The photo is from an early blueberry survey... not a shot of the full scale harvesting! To those who made generous offers to help us pick blueberries, the 'blueberry patch' is within our cloistered yard - but we are grateful for your thoughtfulness just the same!!

Saturday, June 11, 2011

Day of Grace

Ordinations. New graduates, weddings and newly weds. June is a month during which the Church experiences a tremendous outpouring of grace and new vitality – how appropriate that we celebrate the Solemnity of Pentecost during this time! Although (unlike in the movie The Sound of Music) we do not have weddings in our monastery chapel, or see men ordained to the priesthood from the Mass choir, the joy of this ‘new creation’ extends to all members of Christ’s Body who pray for the building up of the Church! Without a doubt, although the evidence that God’s grace is needed in every part of the world, a glance at our own hearts can suffice to produce a sincere invocation – Come Holy Spirit!!! Just briefly considering the situation of the first disciples prior to the descent of the Spirit, one can easily identify with their need for the coming of the Advocate. As in yesterday’s Gospel where Peter is asked by Jesus: ‘Do you love me?’, what could one answer, sitting there by the sea, seeing Him with His forever-wounded hands, with one’s utter failure fresh in mind? Peter’s sincere answer is beautiful beyond doubt. His response coupled with his own recognition of personal weakness suffices to reassure us two millennia later that nothing is beyond God’s grace. God accepts us where we are and by the Holy Spirit, transforms this clay into temples of His grace – His very life!

Friday, May 27, 2011

Of Storms and Such

Living in a community whose members come from all over the map, provides an opportunity in times like these when tornados & disasters hit so many places to starkly experience St. Paul’s words: “When one member of the body suffers, all the members suffer with it.” While we were spared the more tragic devastation left by the tornadoes that recently tore through nearby Cullman, the effects of these events were experienced far outside the destruction zones. While our daily lot following April 27th consisted of finding inventive ways to carry out various tasks without electricity, many of our neighbors were doing without so much more, and grieving much loss. Waiting through each funnel sighting in the crypt chapel in silent prayer with families who were wondering if they would have a home to return to was a sobering reality. During the critical storm hours and ever since, we have benefited from the compassion – the ‘suffering-with’ of our family and friends who offered up prayers & wrote or called in concern. Even more recently, as Sisters with families in the red zones of the Midwest storms prayed for their safety, all shared the burden of their apprehension and intercession. This is one of the beauties of our life as Christians! When the deeper questions of life surface, especially in such drastic circumstances as various areas in our country have seen, one must look deeper. Here, in the greater picture of life and in very real situations, one can find oneself as it were in the parable of the Good Samaritan, the illustration of the house built on rock, or the agony in the Garden – watching with Christ and the suffering members of His Body. When we respond to these opportunities to bring help, to provide support and offer prayers for our brothers and sisters, the reward offered to us surpasses what we can give – that is - hearing the words of Jesus spoken in the Gospel… “you did it to me.”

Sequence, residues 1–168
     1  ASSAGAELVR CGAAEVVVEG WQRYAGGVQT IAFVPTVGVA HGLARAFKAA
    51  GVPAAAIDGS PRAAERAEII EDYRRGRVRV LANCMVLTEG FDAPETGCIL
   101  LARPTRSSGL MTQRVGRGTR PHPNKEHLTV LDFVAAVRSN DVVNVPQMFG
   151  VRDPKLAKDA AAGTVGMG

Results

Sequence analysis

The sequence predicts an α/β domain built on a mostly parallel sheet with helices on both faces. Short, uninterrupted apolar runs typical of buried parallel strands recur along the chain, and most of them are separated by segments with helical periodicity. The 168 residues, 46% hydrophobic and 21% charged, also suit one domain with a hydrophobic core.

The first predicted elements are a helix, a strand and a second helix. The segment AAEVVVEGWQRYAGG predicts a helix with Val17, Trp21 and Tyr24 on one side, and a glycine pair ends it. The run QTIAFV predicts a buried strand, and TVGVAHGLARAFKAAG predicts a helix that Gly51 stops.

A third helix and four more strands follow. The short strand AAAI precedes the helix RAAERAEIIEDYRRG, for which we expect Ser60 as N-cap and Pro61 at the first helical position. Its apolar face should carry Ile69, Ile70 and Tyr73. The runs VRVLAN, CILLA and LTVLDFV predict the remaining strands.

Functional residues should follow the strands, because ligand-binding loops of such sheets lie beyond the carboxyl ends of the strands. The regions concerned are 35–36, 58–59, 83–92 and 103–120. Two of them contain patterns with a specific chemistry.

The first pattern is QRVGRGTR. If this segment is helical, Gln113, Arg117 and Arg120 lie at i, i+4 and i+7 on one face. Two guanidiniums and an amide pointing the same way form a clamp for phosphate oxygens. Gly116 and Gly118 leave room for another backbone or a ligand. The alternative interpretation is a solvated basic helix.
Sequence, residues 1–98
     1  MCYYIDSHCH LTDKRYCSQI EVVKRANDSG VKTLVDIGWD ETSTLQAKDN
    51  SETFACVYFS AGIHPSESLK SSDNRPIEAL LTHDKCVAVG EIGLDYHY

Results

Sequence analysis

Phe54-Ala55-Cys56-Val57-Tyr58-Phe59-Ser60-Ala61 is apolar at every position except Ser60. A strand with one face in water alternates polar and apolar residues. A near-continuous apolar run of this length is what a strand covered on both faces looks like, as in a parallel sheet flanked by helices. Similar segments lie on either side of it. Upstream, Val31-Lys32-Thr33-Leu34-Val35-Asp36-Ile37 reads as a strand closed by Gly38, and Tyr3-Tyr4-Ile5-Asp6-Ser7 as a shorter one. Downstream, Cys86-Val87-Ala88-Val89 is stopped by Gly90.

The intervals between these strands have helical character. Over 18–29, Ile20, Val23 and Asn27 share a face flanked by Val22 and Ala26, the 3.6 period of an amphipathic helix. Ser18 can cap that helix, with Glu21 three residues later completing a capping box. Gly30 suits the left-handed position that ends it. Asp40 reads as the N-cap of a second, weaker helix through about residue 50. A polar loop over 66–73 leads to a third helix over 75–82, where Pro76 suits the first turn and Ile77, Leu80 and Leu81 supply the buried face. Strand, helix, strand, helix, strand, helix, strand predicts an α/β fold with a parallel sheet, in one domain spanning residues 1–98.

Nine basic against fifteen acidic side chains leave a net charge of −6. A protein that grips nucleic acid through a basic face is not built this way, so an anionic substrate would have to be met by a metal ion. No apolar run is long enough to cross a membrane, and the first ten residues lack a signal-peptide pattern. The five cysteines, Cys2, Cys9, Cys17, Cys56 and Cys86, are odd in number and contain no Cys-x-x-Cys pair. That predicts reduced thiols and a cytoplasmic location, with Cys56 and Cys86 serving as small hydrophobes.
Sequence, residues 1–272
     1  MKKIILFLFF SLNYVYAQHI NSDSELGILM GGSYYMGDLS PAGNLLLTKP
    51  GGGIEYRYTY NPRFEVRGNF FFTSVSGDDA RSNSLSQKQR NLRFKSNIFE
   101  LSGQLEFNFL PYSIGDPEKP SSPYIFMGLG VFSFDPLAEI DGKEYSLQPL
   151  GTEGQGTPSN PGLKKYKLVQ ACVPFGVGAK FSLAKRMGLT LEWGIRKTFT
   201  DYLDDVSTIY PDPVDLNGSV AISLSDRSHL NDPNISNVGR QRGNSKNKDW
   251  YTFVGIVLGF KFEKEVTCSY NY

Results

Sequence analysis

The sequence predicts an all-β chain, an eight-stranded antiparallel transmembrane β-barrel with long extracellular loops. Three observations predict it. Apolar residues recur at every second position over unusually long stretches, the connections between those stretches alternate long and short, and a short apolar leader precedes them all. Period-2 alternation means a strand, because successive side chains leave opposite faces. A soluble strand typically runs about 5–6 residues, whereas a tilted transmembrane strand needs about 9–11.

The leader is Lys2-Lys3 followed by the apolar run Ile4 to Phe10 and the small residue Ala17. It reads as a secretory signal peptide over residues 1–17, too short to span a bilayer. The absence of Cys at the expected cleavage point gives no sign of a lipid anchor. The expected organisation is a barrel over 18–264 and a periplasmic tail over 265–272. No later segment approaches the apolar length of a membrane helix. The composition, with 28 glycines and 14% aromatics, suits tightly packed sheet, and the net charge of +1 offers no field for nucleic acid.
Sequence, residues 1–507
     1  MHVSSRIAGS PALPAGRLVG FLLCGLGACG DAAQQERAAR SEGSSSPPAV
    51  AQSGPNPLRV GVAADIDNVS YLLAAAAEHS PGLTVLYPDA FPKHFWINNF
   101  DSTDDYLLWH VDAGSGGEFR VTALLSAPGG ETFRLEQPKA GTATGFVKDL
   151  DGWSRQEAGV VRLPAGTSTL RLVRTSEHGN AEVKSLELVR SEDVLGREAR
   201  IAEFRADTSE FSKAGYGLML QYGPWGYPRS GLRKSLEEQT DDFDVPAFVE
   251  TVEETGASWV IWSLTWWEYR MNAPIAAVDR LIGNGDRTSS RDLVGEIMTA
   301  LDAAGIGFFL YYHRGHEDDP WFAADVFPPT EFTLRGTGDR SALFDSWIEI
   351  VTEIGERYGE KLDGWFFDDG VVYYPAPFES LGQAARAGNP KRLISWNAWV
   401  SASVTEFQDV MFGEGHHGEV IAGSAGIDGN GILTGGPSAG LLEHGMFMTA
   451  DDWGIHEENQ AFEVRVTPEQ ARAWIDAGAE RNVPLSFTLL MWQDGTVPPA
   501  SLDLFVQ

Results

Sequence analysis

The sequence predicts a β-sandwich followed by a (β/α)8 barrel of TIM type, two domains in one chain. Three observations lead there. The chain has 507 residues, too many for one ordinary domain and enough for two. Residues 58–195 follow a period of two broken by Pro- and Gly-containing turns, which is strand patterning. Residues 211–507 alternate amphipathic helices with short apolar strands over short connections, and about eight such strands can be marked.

Monday, May 9, 2011

Silver Celebration

On April 30th, despite the horrific storms, tornados and catastrophes that occurred earlier that week here in Hanceville and nearby Cullman, we had a great reason to rejoice in God’s goodness and mercy. On that eve of Divine Mercy Sunday, Sr. Mary Agnes of Jesus celebrated 25 years of Religious Life! One of the verses Sister chose to commemorate this milestone was taken from Revelation: "Be faithful until death and I will give you the crown of life." As Fr. Joseph, MFVA mentioned in his homily at the Jubilee Mass, it was a most fitting day to celebrate ‘faithful love’ – Sister’s fidelity to Christ in prayer for the Church and in a special way, for the newly beatified John Paul II! Could there be a better anniversary gift than to see the person one had been interceding for, for so many years, raised up as a Blesssed?! Overwhelmingly apparent too, was the evidence of God’s faithfulness as he brought Sister and her family together in the midst of terrific ‘odds’ for this joyous occasion! Having become a bride of Christ during the Easter season more than two decades ago, there could be no better time for Sr. Agnes to renew her vows than during the Easter octave – the great ‘day that the Lord has made!’ The ingenuity exercised by all – cooks, sacristans, etc… as they prepared by daylight & lantern light for this celebration, certainly added to the solemnity of the day! We give thanks to God for all the ways He has blessed us and the whole Church through Sr. Agnes’ fidelity these 25 years! May He continue and fulfill the good work begun in His bride 25 years ago!